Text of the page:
It used to be that you went to college to learn or to better yourself — maybe to become a well-rounded adult. But these days, it seems college is just a means to an end. And that end? Employment.
With competition for entry-level positions becoming more and more cutthroat and with Cambridge being an innovation hotbed, it makes sense that Harvard University is encouraging students to stray from typical employment options. According to The Boston Globe on Monday, Harvard has allowed a venture capital firm to set up shop on campus. The Experiment Fund, which has about $10 million in its investment pool, holds open office hours for start-up inclined Harvard students.
It’s encouraging to see high-level institutions embracing their non-traditional students. How often do people cite Albert Einstein dropping out when they tell their parents they failed a test? Creative minds can chafe against the structure of school, and it’s time we stop penalizing students for having ideas.
If Mark Zuckerberg had stayed at Harvard to finish his degree, where would you put this editorial to share with all your friends? Myspace? I think not.
By having an “in-house” venture capital firm, Harvard is maintaining ties with students that have the opportunity to do something else. Other institutions often leave the door open, encouraging students who take time off for start-ups to return if they so choose.
This is a candid move by officials at Harvard, as they recognize many creative, entrepreneurial students are increasingly frustrated with having hundreds of thousands of dollars in debt to receive a degree they supposedly need in order to do work they already have inspiration for. At the least, more schools could take from this honesty and scrap the “Do whatever you’d like — so long as you meet our arbitrary requirements and continue to pay us for a degree that the system says you need” rhetoric that bashes energy into apathy.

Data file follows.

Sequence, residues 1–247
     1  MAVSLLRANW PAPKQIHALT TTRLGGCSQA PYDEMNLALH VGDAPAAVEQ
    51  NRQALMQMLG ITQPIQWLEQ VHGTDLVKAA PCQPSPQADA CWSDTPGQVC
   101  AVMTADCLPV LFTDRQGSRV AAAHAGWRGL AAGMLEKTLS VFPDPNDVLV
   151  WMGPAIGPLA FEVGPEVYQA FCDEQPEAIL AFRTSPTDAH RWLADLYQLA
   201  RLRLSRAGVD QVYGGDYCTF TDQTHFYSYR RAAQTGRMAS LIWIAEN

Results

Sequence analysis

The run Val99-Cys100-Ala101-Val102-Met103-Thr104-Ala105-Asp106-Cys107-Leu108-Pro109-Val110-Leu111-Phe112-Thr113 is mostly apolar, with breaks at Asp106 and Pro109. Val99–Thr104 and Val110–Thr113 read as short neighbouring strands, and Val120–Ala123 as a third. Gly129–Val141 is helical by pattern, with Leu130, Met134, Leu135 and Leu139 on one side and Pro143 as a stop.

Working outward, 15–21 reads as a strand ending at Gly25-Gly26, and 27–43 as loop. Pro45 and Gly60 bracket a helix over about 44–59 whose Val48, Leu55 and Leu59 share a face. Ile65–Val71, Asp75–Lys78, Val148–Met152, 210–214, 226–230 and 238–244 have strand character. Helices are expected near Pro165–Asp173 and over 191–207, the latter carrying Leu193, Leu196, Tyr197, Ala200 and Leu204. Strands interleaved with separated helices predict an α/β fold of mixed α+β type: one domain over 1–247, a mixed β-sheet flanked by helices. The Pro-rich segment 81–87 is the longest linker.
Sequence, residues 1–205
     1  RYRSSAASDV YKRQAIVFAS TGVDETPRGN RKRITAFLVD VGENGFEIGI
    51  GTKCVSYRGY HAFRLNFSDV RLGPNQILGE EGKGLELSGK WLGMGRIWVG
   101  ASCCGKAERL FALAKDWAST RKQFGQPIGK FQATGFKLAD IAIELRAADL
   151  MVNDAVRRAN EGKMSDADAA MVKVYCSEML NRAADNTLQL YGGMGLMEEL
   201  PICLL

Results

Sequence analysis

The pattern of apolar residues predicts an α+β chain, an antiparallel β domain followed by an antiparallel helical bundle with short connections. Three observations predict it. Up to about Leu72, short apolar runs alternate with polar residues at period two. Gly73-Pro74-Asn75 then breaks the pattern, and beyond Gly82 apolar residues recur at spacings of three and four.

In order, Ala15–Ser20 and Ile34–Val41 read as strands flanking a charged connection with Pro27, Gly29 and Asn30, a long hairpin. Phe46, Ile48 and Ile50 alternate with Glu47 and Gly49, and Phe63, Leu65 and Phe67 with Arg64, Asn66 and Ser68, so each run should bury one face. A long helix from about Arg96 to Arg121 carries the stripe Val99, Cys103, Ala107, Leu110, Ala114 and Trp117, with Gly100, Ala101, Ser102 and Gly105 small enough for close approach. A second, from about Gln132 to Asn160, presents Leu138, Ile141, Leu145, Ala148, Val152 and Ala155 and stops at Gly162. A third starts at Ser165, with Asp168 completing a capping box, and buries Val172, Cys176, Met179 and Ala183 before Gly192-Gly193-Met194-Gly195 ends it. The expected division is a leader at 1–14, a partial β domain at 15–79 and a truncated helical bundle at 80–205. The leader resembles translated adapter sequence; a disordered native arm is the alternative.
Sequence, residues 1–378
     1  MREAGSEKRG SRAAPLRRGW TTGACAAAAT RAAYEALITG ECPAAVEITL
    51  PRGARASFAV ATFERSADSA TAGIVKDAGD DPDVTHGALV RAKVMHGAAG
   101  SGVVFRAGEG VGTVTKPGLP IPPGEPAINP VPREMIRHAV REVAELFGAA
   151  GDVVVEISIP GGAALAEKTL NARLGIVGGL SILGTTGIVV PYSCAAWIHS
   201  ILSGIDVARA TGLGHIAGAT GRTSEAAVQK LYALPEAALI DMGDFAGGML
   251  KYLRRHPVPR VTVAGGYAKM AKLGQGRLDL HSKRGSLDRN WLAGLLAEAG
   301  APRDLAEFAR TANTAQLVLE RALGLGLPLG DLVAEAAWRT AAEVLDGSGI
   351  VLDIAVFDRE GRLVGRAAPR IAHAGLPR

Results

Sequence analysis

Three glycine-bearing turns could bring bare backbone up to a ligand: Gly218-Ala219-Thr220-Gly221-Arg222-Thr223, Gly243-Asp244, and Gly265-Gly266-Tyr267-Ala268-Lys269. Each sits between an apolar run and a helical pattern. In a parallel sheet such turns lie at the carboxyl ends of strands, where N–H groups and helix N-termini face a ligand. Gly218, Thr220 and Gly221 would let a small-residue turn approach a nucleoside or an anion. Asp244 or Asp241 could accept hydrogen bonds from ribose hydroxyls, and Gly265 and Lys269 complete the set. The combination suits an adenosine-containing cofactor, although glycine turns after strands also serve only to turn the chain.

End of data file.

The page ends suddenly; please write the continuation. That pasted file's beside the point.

Harvard is in no way breaking ground by trying to support and benefit from the success of innovative alumni. Many colleges offer courses in entrepreneurship and schools such as Standford University and Carnegie Mellon University are offering start-up funds to student-run businesses, according to The Globe. But Harvard is a school with big shoes to fill innovation-wise. Students and university officials are eager to see another Zuckerberg grace the quad — perhaps one who will have more of an association with Harvard and who will not drop out.
But does encouraging start-ups from day one take away from college? Higher education is already stressful enough, what with mounting student loans, increasingly low acceptance rates and bleak job prospects. The pressure of employment used to be a problem for second-semester seniors. Now kids still in high school are planning what major in college will get them their first “starter job.” Maybe we shouldn’t be rushing things.